- Bug Tracker Tool
- Code of conduct
- Elevation / Escalation
- Global Sprint
- Local sprint
- Naming Conventions
- Open Data
- Permanent Identifiers
- Project Lead
- Pull Request
- README file
- Repository or Repo
- Version Control
Bugs are problems in a project, particularly one in code, they are either problems where a program/project does not perform according to intention, or situations where the users’ expectations are not met in a program/project. You can read a more granular definition in Code Simplicity or in Wikipedia.
Bug Tracker Tool
bug reporting tools are applications for processing and organizing bugs submitted by product contributors or users, Bugzilla is Mozilla’s bug tracking tool, and Github has it’s own issue system built into every repository, in the “issues” tab of your repo. See Wikipedia for more details.
a copy of a repo that is contained within the orignal repo. Branches are used to work on a project features without altering the original or “master” repo.
Code of conduct
a set of rules outlining the social norms and rules and responsibilities of, or proper practices for, an individual, party or organization.
a saved change to a document in a repository.
a person that contributes content or services to an open source project.
treatment or consideration of, or making a distinction in favor of or against, a person or thing based on the group, class, or category to which that person or thing is perceived to belong to rather than on individual merit. types of discrimination include race, color, religion, sex, socioeconomic status, sexual orientation, public assistance status, disability, and age.
Elevation / Escalation
the process of flagging an issue or violation to be addressed by the Safety/ Code of Conduct behavior.
the process of moving from elevating an issue to be addressed, to acting on resolving that issue.
a copy of a repository that is saved in another user’s GitHub account.
the command-line software that tracks all changes to a collection of documents
a service that hosts your repository online and helps you work with contributors. GitHub adds a web-based interface to version control.
is an event with multiple sites around the world where participants work on projects for a set time period within their timezone.
covers a wide range of behaviours of an offensive nature. It is commonly understood as behaviour which disturbs or upsets, and it is characteristically repetitive. It also includes behaviours that are threatening or disturbing.
a state of being valued, respected and supported. often referred to in terms of an event or community, as in an “inclusive event”, meaning one that’s welcoming and a respectful environment.
a message on gitHub that outlines a task that needs to be completed.
a type of language, especially vocabulary, that is particular to a certian trade or discipline, and is not understood by anyone outside that discipline.
A license gives explicit permissions for the use of something. This is particularly important if you want to make your data open as some jurisdictions assign copyrights to data sets which limit their use. There are several types of licenses that are in common use for data. You can read more about them here: http://www.dcc.ac.uk/resources/how-guides/license-research-data.
is an event that has projects, project leads and contributors that come from the local area.
a lightweight way of annotating a document with instructions that tell a web browser how to format and display text.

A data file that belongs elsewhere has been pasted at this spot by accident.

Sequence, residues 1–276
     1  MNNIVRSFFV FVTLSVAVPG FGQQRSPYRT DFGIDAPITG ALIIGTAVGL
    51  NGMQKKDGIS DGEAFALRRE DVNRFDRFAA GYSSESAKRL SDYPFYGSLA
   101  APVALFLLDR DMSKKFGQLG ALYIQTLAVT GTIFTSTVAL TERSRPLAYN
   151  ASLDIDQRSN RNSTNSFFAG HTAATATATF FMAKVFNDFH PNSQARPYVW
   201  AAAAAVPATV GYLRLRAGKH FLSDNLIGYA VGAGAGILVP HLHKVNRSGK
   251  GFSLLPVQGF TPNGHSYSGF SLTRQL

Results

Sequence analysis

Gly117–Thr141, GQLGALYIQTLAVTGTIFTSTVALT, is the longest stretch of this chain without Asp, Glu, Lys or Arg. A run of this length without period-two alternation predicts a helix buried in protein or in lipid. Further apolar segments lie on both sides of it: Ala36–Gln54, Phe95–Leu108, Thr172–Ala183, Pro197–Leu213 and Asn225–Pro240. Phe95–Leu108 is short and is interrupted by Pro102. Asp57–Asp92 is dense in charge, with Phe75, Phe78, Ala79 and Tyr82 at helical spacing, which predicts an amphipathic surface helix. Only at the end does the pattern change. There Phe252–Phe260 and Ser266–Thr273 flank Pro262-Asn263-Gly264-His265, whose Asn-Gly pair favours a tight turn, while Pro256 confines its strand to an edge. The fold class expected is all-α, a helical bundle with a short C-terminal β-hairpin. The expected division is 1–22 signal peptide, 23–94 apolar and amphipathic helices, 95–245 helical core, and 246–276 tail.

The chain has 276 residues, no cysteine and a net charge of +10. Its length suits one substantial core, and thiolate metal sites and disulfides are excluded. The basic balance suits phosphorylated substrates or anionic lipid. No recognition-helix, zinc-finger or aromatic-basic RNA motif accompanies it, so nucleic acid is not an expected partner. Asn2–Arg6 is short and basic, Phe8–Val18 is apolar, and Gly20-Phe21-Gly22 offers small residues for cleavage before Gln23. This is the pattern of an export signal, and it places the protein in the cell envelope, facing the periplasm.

the act of incorporating new changes (commits) into a repository.
Information that describes, explains, locates, or in some way makes it easier to find, access, and use a resource (in this case, data). For example, metadata for a photograph may include the name of the photographer, when and where it was taken, as well as the type of camera and settings used to take the photograph.
An event or state marking a specific stage in development on the project.
These are a set of predefined rules for the naming and structure of folders, files, field names, etc. (E.g. All files begin with a date, location and project name.) Naming conventions help provide context to a data set, as well as make sure a standard of data collection and management is being followed by all members of a team.
Data that is made easily and freely available for anyone to access, use, and share without restrictions, the possible exception being a requirement of attribution.
A permanent identifier (or PID) is a set of numbers and/or characters, frequently in the form of a URL, that points to the location of a resource. PIDs are set up in such a way that even though the storage location of the resource may change over time (e.g. moving data from one university server to another), the PID will always point to the correct location. DOI is a commonly known type of PID.
A fictional user, based on real-world observations of actual or potential users. personas are used to test and shape the design of a product or experience, so that the final design responsive and relevant to user needs.
a person that is the main contact for a particular project.
a request to add a commit or collection of commits to a repository.
a document that introduces an open project to the public and any potential contributors.
Repository or Repo
a collection of documents related to your project, in which you create and save new code or content.
A document outlining the schedule of work to be done on a project.
is an event where project leads connect with contributors from the community to work on open source projects.
promotional merchandise given away at events, trade fairs or conferences.
the place where the sprint will be held.
a way of tracking changes to a document or collection of documents. Version control is like a time machine, it can take you back to the moment your document was created, or any other point in time when you or a collaborator saved that document.